April 15, 2006
    Hopedale History
    No. 58
    Sylvester Graham

    Former Hopedale selectman, Leo Lovely, died April 7. He was 64.

    George Mongiat died on April 9 at the home of his daughter in Pennsylvania. He was 94. He operated
    the Hopedale Pharmacy for more than 40 years, retiring in 1992.

    The Lions’ Club and the Boy Scouts are sponsoring a town cleanup on April 22. Meet at the parking lot
    across from the post office at eight.


    “In the early days of the Community many persons were interested in its establishment; and reformers
    with varied causes came to present their "isms" and secure a following.  It was their custom to receive
    all who came courteously, to give a patient, candid hearing to whatever cause or progressive idea they
    advocated, provided always that Mr. Ballou should question, review and confute the whole matter, not
    only at the time presented, but when discussed for approval or rejection.  No hotel received the
    stranger, - they were entertained at private houses and treated as guests.  Mr. Ebenezer Draper's
    house was oftenest their headquarters.  Many were honest, earnest men, but some were cranks. …  
    Here came Graham.  I well remember the trouble my aunt took sending to Boston to procure graham
    flour for his cooking, though at supper he astonished her by declining the graham flour and choosing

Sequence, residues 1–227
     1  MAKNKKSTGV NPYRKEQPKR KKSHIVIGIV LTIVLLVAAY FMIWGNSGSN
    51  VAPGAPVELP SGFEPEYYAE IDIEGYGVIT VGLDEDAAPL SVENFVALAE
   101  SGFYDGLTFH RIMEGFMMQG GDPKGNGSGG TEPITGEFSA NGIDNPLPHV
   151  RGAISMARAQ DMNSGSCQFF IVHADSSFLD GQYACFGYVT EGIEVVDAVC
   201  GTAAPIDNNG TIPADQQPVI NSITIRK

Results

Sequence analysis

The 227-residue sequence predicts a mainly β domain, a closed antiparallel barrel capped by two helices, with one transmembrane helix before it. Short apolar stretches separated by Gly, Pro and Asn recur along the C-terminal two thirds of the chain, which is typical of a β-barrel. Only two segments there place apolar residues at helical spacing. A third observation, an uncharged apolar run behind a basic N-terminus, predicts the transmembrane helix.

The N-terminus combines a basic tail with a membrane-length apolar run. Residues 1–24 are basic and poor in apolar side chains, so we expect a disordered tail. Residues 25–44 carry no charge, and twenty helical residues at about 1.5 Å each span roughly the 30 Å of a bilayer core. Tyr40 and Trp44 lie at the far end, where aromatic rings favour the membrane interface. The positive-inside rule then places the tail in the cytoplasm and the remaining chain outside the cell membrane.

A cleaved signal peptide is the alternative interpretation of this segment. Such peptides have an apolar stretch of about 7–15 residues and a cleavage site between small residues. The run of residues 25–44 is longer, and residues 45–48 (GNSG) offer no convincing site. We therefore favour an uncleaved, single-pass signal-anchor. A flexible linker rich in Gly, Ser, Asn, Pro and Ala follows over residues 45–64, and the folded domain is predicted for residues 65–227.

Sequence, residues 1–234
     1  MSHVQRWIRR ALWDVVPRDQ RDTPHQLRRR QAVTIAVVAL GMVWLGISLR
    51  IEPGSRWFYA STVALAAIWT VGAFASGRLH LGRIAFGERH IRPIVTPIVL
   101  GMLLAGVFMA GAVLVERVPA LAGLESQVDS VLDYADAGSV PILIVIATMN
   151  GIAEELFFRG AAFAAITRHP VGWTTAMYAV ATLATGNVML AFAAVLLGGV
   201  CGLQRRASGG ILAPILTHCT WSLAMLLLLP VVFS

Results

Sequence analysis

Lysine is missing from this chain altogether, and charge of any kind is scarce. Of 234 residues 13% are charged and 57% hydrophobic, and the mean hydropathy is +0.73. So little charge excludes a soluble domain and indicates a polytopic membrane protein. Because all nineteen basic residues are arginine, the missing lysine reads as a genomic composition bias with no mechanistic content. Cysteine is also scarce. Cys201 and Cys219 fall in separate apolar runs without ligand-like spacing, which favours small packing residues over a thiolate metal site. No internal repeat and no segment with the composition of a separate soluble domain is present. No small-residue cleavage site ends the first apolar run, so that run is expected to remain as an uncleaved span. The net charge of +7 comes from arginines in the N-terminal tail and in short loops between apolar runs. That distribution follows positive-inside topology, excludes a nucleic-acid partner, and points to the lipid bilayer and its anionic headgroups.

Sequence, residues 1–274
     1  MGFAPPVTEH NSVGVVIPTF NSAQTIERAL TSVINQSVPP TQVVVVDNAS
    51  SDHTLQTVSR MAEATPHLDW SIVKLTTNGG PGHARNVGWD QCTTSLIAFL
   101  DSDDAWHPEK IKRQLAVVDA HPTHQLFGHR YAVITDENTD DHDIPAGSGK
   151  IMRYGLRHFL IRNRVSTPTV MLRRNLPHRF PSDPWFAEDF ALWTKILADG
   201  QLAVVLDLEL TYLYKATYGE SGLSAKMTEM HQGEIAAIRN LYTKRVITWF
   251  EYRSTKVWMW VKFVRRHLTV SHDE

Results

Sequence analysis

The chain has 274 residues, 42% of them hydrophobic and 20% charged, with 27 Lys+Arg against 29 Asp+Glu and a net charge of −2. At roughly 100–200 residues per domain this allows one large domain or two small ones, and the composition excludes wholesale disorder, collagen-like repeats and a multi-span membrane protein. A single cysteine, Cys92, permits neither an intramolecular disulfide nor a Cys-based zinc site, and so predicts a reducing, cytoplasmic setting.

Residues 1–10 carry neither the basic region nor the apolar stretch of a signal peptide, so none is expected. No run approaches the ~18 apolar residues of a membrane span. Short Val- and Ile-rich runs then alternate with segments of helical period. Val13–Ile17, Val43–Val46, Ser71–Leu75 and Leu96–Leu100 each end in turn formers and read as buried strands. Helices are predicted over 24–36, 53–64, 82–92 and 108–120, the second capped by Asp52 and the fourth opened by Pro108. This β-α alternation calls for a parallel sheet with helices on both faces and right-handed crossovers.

white biscuit, saying he had plenty of graham bread at home.  ‘Consistency, thou art a jewel.’” Anna
    Thwing Field, Hopedale Reminiscences.  

    The following article about Graham is from the website of Sylvester’s Restaurant in Northampton.

                                      Sylvester Graham: genius or humbug?

                                                By Daniel Lombardo, Jones Library Curator

    Back in 1823 Amherst Academy expelled a young man when he was accused, but not convicted, of
    assaulting a woman. He went on to found the first movement to fully recognize the benefits of fruits and
    vegetables and the harm of meat and white flour.

    This was Sylvester Graham, remembered now mainly for the cracker that bears his name. But was
    Graham an "eccentric and wayward genius," as one contemporary thought? Or was it true, as one 19th-
    century newspaper put it, that a "greater humbug or a more disgusting writer never lived"?
    Born in West Suffield, Ct. in 1794, Graham attended Amherst Academy at the late age of 29. His
    arrogant personality alienated the younger students, who quickly got him thrown out on a false charge
    of criminal assault. From Amherst he went to Rhode Island, where he had a nervous breakdown, and
    married the daughter of a sea captain.

    At the age of 36, after a failed attempt to become a minister, Graham became a professional reformer.
    He first attacked alcohol, and he himself refused to drink anything stronger than water. Graham did
    allow his wife to drink wine and gin, which he considered beneficial when she was ill and nursing an